March 13, 2022

Alma Matters is a Poynter newsletter designed to provide ideas, news and insight to those in the journalism education community. Subscribe here to get Alma Matters delivered to you.

Last weekend, I was fortunate enough to attend the Associated Collegiate Press’ conference in Long Beach, California. (Shoutout to all the folks gathering this weekend in New York for the College Media Association conference — my fomo is real!)

Being back in person was, in a word, bad ass. (I guess that’s two words. I stand by them.)

I felt completely rejuvenated to assemble in real life with students, professors and advisers. I could almost feel my little cup filling and running over as I led a session on managing your newsroom friends, and also when I turned over the podium to the students I’ve been working with on diversity, equity and inclusion systems in college newsrooms.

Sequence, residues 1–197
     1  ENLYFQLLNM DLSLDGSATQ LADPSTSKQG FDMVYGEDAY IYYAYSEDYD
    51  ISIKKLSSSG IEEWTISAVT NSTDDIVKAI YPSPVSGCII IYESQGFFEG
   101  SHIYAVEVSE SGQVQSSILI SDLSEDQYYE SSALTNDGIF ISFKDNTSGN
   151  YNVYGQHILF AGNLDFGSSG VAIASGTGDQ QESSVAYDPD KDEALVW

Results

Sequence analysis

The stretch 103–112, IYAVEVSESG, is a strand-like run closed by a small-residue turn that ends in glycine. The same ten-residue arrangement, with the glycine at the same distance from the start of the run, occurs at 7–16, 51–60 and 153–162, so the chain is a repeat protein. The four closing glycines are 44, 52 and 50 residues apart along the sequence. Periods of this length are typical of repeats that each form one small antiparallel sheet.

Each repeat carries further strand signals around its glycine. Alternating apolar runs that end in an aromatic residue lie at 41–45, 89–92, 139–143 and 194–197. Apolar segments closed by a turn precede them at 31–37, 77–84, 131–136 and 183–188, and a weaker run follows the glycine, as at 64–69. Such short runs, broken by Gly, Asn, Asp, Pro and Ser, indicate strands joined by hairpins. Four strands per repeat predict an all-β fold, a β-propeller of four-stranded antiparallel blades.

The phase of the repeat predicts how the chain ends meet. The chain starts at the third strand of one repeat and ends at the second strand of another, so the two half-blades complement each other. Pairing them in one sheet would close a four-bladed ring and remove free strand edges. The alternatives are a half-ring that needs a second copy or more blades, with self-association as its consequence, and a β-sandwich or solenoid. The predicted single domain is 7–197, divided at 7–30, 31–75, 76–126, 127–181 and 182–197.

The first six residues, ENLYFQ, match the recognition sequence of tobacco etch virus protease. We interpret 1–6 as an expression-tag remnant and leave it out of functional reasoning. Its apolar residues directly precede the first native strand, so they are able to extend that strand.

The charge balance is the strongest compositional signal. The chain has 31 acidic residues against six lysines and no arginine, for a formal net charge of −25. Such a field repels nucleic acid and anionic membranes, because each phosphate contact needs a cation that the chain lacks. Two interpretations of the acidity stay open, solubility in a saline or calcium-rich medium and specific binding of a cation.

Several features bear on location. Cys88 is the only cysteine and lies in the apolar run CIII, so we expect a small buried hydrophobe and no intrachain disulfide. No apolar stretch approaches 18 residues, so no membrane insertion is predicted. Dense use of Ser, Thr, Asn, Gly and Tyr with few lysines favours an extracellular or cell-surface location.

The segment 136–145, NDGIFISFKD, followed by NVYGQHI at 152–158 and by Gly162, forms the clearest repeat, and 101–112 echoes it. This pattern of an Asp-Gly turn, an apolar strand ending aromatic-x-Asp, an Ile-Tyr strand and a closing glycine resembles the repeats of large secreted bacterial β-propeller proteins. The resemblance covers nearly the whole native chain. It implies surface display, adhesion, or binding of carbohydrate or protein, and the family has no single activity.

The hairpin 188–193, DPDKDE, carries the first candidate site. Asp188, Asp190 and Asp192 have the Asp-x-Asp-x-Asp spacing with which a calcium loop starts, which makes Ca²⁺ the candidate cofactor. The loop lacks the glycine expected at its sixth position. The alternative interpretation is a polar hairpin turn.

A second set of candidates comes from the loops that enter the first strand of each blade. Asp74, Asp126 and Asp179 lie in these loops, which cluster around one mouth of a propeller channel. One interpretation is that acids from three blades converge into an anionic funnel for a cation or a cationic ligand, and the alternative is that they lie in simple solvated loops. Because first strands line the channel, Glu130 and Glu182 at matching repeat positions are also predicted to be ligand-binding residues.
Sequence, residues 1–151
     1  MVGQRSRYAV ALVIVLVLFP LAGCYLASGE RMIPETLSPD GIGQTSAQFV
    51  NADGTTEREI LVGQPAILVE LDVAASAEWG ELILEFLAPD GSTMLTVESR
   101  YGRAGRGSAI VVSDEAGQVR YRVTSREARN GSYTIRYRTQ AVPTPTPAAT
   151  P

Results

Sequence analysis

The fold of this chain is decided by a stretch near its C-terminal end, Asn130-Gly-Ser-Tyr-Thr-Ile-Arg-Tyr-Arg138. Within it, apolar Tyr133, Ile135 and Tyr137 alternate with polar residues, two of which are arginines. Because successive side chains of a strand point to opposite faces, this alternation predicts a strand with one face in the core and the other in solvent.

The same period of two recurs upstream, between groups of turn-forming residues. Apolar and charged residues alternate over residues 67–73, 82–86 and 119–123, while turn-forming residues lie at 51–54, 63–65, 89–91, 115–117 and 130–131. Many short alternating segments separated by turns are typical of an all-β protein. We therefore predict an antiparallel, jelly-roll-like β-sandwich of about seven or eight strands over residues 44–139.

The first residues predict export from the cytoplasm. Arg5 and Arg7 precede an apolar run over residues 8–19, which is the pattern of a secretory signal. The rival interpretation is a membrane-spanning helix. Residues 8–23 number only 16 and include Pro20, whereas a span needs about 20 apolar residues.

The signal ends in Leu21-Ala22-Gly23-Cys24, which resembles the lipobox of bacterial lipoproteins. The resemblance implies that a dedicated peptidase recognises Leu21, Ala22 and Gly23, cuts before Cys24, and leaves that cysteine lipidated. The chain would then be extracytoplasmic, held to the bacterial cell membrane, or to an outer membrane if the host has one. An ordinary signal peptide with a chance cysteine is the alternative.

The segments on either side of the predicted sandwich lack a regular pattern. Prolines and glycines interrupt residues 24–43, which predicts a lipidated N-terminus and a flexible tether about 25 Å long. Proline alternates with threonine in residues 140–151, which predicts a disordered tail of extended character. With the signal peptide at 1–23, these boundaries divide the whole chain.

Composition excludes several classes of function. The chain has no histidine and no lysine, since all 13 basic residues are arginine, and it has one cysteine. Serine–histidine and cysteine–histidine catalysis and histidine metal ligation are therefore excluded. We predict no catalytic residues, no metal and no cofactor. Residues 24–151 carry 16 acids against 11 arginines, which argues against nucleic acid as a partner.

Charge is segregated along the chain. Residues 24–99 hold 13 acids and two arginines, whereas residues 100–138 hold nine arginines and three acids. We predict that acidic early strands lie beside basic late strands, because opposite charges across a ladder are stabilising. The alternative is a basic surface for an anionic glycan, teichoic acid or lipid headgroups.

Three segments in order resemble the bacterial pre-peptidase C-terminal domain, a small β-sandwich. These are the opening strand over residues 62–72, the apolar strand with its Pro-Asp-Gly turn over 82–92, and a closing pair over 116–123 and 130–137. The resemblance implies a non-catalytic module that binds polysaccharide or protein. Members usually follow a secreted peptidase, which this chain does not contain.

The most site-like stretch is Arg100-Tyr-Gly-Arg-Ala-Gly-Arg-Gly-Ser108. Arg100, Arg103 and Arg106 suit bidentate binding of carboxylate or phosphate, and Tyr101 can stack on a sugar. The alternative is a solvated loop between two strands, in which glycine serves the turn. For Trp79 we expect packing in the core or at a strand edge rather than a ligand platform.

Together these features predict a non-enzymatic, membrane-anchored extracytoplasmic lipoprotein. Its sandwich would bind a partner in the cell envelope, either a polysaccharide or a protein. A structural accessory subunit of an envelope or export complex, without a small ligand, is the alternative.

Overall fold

But — to borrow a header from Axios — but but.

The experiences that stayed with me most came from the dozens of students who showed up seeking advice on dealing with stress, burnout and trauma, and their advisers, who gathered to bloodlet in a different session in a small hotel conference room.

It seems like everyone in college journalism is struggling.

One student teared up when she spoke reverently of her adviser and not wanting to disappoint him, but feeling so overwhelmed that she was worried that’s all she was — a disappointment. Other students deeply regretted missed opportunities and talked about spiraling into thoughts of what might have happened had they just pursued some angle over the last two years, which they simply didn’t feel up to at the time.

Meanwhile, their advisers (many of whom are also professors) spoke of a marked difference in their students this semester. They are less engaged and less ambitious — and advisers don’t necessarily blame them. They just aren’t sure what to do to get the fire back in their students’ bellies. Worse yet, what happens if professors and advisers lower certain standards in the interest of empathy, but end up doing the students a major disservice in the long run?